In a recent episode of Who Do You Think You Are?, Lionel Richie found listings for his great grandfather, a man his family never talked about, in the Nashville city directories for 1880 and 1885. The occupation and address information provided for John L. Brown led Lionel to learn of his ancestor’s importance in the African American community through an organization known as the Knights of Wise Men.
Before we had phonebooks, we had city directories. They provide us with annual historical snapshots of a city’s residents, and give details of occupations, addresses, and relationships. Footnote has thousands of pages from hundreds of city directories from New York to California, from Louisiana to Wisconsin, and ranging in date from 1786 to 1926.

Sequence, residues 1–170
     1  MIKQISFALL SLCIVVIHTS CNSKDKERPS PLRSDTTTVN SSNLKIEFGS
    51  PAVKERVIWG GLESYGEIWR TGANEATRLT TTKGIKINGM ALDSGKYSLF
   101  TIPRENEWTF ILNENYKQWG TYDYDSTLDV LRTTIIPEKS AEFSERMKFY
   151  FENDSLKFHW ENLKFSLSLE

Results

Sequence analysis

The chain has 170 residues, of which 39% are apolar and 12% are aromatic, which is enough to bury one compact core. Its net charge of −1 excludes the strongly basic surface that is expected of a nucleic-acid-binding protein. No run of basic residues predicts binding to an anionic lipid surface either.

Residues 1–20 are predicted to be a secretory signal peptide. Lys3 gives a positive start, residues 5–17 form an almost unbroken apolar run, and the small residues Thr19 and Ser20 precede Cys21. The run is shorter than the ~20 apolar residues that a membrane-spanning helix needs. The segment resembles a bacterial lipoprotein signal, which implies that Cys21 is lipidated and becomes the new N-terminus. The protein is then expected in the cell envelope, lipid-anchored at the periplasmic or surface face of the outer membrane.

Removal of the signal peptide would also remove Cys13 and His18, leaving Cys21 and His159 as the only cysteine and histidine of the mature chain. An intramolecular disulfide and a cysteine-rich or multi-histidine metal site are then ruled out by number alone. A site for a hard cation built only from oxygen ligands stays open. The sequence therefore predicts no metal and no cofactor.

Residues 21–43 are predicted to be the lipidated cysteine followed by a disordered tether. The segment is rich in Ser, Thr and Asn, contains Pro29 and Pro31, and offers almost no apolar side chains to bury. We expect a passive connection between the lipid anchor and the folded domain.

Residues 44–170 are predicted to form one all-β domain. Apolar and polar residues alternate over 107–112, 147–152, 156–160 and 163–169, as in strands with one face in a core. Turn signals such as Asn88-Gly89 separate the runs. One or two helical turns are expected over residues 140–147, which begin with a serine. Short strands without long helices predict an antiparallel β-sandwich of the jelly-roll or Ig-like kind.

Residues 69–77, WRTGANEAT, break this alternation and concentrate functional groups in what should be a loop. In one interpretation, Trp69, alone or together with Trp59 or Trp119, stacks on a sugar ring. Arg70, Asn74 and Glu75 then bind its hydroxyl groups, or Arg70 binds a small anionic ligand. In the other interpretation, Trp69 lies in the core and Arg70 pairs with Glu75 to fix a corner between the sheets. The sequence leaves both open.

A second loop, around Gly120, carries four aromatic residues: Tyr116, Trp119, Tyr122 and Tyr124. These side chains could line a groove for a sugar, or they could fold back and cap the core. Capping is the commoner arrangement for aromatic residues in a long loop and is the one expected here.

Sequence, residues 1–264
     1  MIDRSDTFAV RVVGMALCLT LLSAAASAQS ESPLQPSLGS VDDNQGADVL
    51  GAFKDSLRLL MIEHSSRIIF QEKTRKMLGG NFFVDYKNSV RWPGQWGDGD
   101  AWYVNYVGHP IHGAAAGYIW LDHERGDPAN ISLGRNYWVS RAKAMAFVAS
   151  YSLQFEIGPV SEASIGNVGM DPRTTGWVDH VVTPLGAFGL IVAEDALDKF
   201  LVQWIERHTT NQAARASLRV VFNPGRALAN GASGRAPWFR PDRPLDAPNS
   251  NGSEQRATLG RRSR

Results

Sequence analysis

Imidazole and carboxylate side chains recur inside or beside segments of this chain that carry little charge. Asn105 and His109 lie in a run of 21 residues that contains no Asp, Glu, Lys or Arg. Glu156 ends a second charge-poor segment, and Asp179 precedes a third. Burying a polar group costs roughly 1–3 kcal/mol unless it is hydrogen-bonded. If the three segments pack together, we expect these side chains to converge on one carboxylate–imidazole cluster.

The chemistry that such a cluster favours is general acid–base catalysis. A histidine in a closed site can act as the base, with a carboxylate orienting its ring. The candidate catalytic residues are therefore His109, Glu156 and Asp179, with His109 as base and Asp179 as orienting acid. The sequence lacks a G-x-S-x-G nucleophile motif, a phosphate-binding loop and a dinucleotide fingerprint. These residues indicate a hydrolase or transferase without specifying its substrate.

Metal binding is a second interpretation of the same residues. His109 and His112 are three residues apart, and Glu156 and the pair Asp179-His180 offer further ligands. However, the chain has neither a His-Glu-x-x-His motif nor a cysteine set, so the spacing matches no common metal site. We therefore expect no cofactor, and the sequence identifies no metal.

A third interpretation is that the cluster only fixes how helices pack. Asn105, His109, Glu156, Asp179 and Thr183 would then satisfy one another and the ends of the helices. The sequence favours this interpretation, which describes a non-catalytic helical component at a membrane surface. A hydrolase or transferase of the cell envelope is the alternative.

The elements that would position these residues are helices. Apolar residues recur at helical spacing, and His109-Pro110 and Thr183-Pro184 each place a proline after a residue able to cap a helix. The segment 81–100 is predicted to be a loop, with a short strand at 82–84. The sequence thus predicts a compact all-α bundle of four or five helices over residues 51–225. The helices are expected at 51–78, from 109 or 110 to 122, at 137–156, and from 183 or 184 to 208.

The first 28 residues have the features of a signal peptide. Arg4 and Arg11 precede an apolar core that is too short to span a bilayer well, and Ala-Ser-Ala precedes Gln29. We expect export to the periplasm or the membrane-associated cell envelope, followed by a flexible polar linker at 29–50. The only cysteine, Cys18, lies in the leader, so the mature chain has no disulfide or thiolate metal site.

On one representative page in the 1861 Detroit City Directory we find coopers, photographers, teachers, printers, fur finishers, firemen, draymen, and washerwomen, among others. There are men and women; married, single, and widowed; and some are identified by race. We also find a unique story about a black man named James Robinson who “says he is 109 years old” and fought in the Revolutionary War.
Begin your city directory searches on the city directories title page where you’ll find links to search or browse within thirty major metropolitan centers in twenty states. You can also learn more by checking out the city directories description page.
Follow your ancestors, year by year, and build a history of where they lived and what they did for a living by exploring city directories at Footnote.com.